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What to watch: Panthers vs. Jaguars

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CHARLOTTE – Moral victories are no longer an option.

Coming off a two-win season, many Panthers fans were thrilled to see their team simply in position to possibly win their first two games of 2011.

Close won't be good enough for anybody this Sunday against the Jacksonville Jaguars.

"We've got to win – 0-3 would be a terrible start, but 1-2 gives you a chance," left tackle Jordan Gross said. "If we can get a win, we're still in this thing."

The Panthers are alone in last place in the NFC South, but the other three teams are tied for first at 1-1, and only after Atlanta and Tampa Bay rallied from significant deficits to get their first victories last week.

Next up are the Jaguars, a 1-1 team coming off a 32-3 loss at the New York Jets and coming in with a rookie quarterback at the helm for the first time. This qualifies as a must-win, especially with the Panthers sporting the NFL's toughest schedule and three 2010 playoff teams to follow right behind Jacksonville.

If the Panthers are to turn some positive signs into an actual victory instead of a moral one, here are some things that need to happen.

YOUNG GUNS: Both teams will be entrusting their offense to rookie quarterbacks. Cam Newton has more than handled the assignment for the Panthers through two games, and now the Panthers defense hopes to stop Blaine Gabbert from doing the same for the Jaguars in his first NFL start.

"Anytime you're facing a quarterback that hasn't played in the league that long, you've got to try to confuse them, try to make them make bad decisions," said Panthers defensive end Charles Johnson, the team's sack leader.

Gabbert will try to provide a spark for the only passing offense in the NFL yet to throw a touchdown. While the Panthers rank second in the NFL with 403.5 passing yards per game, the Jaguars are 30th with 251 yards total.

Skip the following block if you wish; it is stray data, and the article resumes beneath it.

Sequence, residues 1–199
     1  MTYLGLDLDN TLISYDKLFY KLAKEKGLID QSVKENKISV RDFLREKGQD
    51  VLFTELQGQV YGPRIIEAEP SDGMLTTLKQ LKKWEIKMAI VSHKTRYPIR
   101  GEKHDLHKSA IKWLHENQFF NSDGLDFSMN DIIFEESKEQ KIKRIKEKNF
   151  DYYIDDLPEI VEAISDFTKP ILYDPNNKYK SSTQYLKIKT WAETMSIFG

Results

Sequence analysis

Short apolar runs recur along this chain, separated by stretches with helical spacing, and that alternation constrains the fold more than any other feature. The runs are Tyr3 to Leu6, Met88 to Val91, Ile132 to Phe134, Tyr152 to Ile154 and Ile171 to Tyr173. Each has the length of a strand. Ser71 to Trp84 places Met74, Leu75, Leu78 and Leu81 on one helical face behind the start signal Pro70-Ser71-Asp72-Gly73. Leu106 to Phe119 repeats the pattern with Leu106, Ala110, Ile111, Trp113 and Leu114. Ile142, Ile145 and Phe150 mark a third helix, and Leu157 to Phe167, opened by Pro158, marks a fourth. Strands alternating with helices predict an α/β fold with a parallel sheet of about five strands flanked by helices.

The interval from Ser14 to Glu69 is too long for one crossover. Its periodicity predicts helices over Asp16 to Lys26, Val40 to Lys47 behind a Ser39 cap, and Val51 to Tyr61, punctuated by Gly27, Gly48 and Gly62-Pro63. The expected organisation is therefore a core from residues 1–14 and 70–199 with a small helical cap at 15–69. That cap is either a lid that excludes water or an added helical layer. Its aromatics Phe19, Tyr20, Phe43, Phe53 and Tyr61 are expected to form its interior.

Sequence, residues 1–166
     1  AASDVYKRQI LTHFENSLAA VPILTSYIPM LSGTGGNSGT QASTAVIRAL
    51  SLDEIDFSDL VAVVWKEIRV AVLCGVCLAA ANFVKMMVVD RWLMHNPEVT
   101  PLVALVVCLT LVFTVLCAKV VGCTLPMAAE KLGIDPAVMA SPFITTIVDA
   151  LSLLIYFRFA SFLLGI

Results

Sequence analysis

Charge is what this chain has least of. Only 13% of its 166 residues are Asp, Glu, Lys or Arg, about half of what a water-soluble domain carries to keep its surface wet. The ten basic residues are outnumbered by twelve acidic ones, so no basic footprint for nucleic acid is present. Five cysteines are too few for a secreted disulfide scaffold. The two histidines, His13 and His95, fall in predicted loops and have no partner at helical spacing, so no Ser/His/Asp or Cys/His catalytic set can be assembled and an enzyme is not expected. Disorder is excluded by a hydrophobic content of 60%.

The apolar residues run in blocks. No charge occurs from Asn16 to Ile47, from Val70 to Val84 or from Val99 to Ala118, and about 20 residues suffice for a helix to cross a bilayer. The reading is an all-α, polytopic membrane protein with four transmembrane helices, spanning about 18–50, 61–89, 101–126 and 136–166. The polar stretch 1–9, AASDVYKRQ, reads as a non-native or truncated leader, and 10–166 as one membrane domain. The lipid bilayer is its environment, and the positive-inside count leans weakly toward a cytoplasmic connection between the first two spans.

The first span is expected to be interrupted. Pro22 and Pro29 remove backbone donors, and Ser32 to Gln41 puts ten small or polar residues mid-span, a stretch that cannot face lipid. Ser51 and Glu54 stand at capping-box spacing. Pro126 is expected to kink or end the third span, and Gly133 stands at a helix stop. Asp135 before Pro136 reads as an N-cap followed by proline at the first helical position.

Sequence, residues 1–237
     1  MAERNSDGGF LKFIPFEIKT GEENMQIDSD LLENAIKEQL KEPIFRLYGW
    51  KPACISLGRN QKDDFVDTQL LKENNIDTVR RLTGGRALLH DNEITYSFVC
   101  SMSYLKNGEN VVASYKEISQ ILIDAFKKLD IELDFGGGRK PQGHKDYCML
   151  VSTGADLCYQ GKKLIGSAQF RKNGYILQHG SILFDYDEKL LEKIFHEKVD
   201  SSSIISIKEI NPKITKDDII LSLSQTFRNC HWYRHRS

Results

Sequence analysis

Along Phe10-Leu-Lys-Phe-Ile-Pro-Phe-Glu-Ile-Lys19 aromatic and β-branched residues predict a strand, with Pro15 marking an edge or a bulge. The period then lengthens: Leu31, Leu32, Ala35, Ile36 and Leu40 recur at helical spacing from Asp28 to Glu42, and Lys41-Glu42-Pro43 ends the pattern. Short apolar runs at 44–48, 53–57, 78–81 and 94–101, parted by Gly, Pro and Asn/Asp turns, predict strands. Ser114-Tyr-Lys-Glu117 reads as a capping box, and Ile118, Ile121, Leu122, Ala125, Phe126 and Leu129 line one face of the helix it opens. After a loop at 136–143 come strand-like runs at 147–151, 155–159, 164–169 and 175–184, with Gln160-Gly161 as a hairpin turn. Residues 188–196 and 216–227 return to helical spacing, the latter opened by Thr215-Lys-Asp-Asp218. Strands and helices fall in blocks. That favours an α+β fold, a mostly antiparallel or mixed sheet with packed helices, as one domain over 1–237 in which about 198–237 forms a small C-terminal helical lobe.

The Panthers have been susceptible to big passing plays so far this season. They can't let Gabbert continue that early trend.


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CARRYING THE LOAD: While Gabbert would like to awaken the passing game, his best bet might be handing the ball off to running back Maurice Jones-Drew.

Thanks in large part to "MJD," the Jaguars are averaging 12 more yards per game on the ground than they are through the air.

Panthers head coach Ron Rivera said Jones-Drew reminds him of a player he faced during his playing days with the Bears.

"Barry Sanders," Rivera said. "You weren't going to tackle Barry with one guy, and he's the same way. He's a stout, physical runner with a low-to-the-ground center of gravity and great ability to make cuts with tremendous cutback vision.

"It's most certainly going to be a defensive team effort. He is a great running back."


ON THE OTHER HAND: The Panthers have a pair of 1,000-yard backs in DeAngelo Williams and Jonathan Stewart, but through two games they're yet to total 100 yards between them.

Williams and Stewart have 74 yards on 30 carries. Newton leads the team with 71 yards on 18 attempts.

The slow start for the running game has been more than made up for by the strong start for the passing game, but the Panthers likely will be looking for more balance in this one.

At the same time, the Panthers are going to take what the defense gives them. If the Jaguars stack the box and force Newton to beat them with his right arm, Carolina would be content using its running backs to run out the clock on a victory.

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SEEING RED: One place the running game could be crucial is in the red zone, the one area where the offense has come up short so far.

Carolina is in the bottom quarter of the NFL in converting drives inside the opponent's 20 into touchdowns.

"Everything down in the red zone is magnified," offensive coordinator Rob Chudzinski said. "The windows are tighter to throw the ball, and there are more defenders close to the ball when you try to run it. Penalties and mental mistakes are magnified as well.

"Timing and precision is much more important down there. We'll keep making improvements and start getting the ball in the end zone."


FOOT BALL: Even though the Panthers know they need to cash in with more touchdowns, this game could come down to a field goal.

If it does, Carolina has faith in veteran Olindo Mare, who is yet to miss a kick in his first season with the Panthers.

While Mare entered the season having made 88 percent of his field goals over the previous three seasons, Jacksonville kicker Josh Scobee made just 73 percent over the same time frame. Scobee, however, is 4-for-4 this season, and his leg knows no limits: He beat the Indianapolis Colts with a 59-yard boot last season.

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